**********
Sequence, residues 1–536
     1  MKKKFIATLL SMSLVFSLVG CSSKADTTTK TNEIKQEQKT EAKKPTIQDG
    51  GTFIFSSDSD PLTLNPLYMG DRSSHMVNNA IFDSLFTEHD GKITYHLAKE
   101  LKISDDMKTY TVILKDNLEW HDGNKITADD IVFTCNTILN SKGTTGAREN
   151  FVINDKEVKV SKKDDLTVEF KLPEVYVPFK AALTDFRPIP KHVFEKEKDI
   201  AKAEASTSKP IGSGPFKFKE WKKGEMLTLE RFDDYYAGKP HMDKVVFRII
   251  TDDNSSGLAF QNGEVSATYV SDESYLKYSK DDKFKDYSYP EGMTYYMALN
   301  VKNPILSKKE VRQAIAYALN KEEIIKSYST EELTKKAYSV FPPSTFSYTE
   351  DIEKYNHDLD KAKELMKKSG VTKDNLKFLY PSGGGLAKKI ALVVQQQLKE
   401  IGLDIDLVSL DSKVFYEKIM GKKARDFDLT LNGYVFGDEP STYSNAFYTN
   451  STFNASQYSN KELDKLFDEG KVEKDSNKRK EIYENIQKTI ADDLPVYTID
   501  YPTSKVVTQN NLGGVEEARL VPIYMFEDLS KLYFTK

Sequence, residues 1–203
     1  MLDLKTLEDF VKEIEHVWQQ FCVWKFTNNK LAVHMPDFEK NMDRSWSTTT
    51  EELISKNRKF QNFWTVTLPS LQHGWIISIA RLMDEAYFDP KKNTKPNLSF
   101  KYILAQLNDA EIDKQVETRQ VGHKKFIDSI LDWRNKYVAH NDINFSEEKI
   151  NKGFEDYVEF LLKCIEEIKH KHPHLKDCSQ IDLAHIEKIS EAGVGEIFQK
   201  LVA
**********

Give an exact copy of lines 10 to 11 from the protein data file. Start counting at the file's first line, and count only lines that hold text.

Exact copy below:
   401  IGLDIDLVSL DSKVFYEKIM GKKARDFDLT LNGYVFGDEP STYSNAFYTN
   451  STFNASQYSN KELDKLFDEG KVEKDSNKRK EIYENIQKTI ADDLPVYTID